AvantasiaThere’s always a party atmosphere with the approach of each Avantasia album. For fans of the group the list of contributors alone is enough to get the power-metal pulses racing and there’s no doubt the creative sum is normally turns out to be greater than the parts. The latest album The Mystery of Time includes the addition of a live orchestra that propels those silky smooth tunes to more exhilarating levels than usual. Now, let’s be honest, you either get this music or you don’t. The speed anthems may leave you as nauseated as death metal leaves most people confused and irritated. I heard someone say recently ‘the music’s ok but I can’t stand those high voices’. Like I said, you get it, or you don’t. I generally buy into the whole Avantasia concept and for me the song-writing stands above the debate on how ‘rock’ it’s all become or those asking why he can’t continue from where he left off after Metal Opera Part II.

It’s not a debate I want to get heavily drawn into. Frankly, that was more than 10 years ago now and, if you don’t like the direction a band has taken, that is time enough to get over it and move on. But, just to be clear, this is a continuation of the last couple of albums. You only have to look at the list of contributors to see there are clear sign posts as to what music style is on offer here. Yes, there are the obligatory Michael Kiske tracks (Where Clock Hands Freeze and Dweller in a Dream, proving he’s not lost an inch) and I’m almost certain that is Roy Khan I can hear in there somewhere. But the others include Bob Catley (from 1980s Brit rock legends Magnum), Joe Lynn Turner (formely with Rainbow, Deep Purple and Yngwie Malmsteen’s Rising Force), Bill Byford (Saxon), Ronnie Atkins (Pretty Maids) and Eric Martin (Mr Big). All fine singers to be sure but also a clear sign post to the direction of The Mystery of Time. If anything, it’s even more rock-orientated than we’ve seen before and its very comfortable being so.

All this aside, The Mystery of Time is still over-the-top power metal backed by The German Film Orchestra (me neither), an all-star cast and the kind of song writing that you’d have thought might have started to flag given Sammet’s broad output. Epic probably doesn’t quite cover it. In fact, this is probably the best effort since the Metal Opera opus. Sammet achieves something that others have tried but almost always failed either trying to pack too much in, running out of ideas halfway through or simply by getting carried away into self-indulgence. Bringing together so many styles, ideas and musicians and remaining focused on the stage ‘Opera’ aspect of it without any sense of throwing in tracks as filler (ok, I wasn’t sure about Invoke The Machine, but I suggest it was a hiccup). Far from being self-indulgent as he has sometimes been criticised, this as much as any of the past albums, really lets Tobias Sammet’s (and co-collaborator Sasha Paeth’s) talent and vision shine through. Each track is memorable and the only time he really crosses the line is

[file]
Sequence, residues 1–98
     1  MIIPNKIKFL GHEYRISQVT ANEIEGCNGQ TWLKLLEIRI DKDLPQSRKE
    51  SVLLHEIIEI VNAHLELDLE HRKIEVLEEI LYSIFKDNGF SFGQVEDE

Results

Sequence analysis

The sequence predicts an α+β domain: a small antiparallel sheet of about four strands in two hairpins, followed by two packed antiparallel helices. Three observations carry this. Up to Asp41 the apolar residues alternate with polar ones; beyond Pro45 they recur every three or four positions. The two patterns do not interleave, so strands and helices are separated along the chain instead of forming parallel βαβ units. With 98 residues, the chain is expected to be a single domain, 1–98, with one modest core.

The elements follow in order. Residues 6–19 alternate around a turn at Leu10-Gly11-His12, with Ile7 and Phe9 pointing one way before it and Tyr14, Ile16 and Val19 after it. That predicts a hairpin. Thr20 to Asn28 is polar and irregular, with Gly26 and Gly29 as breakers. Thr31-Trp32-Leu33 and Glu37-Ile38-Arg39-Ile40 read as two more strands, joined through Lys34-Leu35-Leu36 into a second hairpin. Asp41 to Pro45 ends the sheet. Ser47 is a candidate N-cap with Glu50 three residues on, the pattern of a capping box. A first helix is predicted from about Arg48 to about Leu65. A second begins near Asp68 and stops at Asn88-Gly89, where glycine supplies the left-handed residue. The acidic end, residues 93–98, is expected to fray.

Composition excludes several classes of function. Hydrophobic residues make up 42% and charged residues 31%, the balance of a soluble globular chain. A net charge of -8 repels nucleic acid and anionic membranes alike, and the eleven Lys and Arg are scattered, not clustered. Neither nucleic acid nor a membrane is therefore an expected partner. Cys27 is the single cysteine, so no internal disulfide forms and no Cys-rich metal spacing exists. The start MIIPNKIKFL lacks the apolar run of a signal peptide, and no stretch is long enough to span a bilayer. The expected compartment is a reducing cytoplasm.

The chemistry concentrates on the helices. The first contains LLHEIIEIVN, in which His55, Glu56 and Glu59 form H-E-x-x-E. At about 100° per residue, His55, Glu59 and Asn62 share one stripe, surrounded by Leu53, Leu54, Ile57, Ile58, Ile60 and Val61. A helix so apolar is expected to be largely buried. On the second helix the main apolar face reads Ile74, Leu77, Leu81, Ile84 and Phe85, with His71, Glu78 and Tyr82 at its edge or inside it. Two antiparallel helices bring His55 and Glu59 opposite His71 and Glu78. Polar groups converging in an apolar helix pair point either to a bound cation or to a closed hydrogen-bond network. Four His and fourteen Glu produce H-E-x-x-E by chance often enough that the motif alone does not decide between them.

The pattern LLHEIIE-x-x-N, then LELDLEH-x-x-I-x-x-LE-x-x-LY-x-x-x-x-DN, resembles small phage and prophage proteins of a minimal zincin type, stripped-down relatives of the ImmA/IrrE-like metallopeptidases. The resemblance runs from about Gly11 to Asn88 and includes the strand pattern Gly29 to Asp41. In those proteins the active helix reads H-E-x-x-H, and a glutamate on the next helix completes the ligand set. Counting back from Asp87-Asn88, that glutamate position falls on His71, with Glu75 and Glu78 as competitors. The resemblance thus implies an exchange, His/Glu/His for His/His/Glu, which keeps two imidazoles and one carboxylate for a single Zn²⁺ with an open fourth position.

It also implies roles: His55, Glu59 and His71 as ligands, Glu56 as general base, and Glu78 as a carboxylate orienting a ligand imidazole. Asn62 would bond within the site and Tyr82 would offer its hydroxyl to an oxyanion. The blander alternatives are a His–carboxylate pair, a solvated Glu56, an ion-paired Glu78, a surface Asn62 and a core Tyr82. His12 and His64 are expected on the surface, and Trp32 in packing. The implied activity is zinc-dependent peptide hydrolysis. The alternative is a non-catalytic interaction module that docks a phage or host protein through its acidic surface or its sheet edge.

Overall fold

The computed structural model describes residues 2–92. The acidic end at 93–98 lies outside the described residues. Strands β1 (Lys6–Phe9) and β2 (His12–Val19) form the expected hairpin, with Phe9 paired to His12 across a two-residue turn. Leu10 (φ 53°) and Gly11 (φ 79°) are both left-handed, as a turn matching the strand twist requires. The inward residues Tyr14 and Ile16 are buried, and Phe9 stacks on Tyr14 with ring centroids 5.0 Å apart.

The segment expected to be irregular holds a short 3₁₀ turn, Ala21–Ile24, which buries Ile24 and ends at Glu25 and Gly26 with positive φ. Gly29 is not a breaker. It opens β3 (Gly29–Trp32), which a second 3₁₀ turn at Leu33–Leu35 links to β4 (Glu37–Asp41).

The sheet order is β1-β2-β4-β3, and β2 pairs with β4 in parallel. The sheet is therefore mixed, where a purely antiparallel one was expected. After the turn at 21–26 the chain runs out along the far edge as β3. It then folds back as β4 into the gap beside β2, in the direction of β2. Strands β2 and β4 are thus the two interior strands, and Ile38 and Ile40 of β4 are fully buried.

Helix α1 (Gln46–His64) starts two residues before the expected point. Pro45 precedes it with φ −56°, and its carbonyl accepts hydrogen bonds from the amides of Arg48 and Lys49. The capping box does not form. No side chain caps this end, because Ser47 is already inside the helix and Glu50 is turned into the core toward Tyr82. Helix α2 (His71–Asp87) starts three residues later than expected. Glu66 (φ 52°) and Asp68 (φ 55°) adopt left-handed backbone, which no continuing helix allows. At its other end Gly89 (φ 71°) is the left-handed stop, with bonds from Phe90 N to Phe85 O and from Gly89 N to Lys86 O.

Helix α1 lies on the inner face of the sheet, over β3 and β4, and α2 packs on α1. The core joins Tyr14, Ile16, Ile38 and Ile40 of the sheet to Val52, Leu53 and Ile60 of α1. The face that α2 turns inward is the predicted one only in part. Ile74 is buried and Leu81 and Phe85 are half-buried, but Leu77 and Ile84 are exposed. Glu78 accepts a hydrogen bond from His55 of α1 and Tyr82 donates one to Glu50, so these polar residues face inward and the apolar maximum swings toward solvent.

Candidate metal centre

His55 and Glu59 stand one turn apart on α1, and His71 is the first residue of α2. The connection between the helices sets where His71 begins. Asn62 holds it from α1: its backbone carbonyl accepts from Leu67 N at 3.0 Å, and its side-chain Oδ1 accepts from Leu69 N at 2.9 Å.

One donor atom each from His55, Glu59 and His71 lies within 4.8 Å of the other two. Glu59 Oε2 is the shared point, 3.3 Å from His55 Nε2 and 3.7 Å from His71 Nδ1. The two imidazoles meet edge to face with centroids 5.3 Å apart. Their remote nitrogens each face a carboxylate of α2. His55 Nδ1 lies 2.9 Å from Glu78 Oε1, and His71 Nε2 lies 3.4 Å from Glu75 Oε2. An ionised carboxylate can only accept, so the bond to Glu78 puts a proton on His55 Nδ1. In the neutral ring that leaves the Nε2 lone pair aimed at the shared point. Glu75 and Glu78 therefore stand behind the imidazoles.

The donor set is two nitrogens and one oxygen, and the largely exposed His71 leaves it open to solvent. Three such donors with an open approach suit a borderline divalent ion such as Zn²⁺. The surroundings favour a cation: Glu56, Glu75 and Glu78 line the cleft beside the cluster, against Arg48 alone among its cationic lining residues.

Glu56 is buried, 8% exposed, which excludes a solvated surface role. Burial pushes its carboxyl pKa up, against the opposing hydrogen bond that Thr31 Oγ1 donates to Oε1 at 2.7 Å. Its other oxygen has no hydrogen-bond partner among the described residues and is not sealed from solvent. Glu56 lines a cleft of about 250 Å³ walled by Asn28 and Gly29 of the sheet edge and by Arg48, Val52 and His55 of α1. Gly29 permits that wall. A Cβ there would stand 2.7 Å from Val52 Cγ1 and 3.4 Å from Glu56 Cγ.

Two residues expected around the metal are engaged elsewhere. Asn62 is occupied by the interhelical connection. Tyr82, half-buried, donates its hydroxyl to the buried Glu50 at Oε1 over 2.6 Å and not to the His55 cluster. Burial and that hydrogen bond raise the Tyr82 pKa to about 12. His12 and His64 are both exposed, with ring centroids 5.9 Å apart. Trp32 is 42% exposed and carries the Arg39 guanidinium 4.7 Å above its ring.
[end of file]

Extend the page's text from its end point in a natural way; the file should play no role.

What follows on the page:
Sleepwalking – a mock-melancholy pop-rock sing-along that would leave the average metal fan gagging on his Newky Brown. Even after that, proceedings are soon rescued by the 11-minute epic Saviour in the Clockwork and the second-half of the album is probably stronger than the first. After the heavy-for-the-sake-of-it Invoke the Machine (the only other track I wasn’t that keen on and most notable for the appearance of the suspected Khan at around 2.12 mins) things get going again with the heartfelt and infectious rock balladry of What’s Left Of Me (which took me right back to LA in 1988 – the height of the glam metal era – no, I wasn’t there in person). Then the Sammet-Kiske dream team are back one more time in Dweller in a Dream before the rock-orchestral finale The Great Mystery leaves us with a real show stopping tune and a rousing encore or two just to smear sugary sweet icing all over the cake.

The fact that Avantasia as a concept comes off at all is impressive. The fact that it comes off so well is pretty astounding. The bottom line is that The Mystery of Time will probably divide old fans even more than the past three releases since Metal Opera II. It is very rock and it’s tempting to mark it down as ‘not metal enough’. What’s more, it takes a lot for me to recommend a power metal album these days. But it turns out there is someone out there willing to challenge my power metal fatigue and at the same time convince me that ‘rock’ isn’t a dirty word. Who said this man isn’t a genius?

(8/10 Reverend Darkstanley)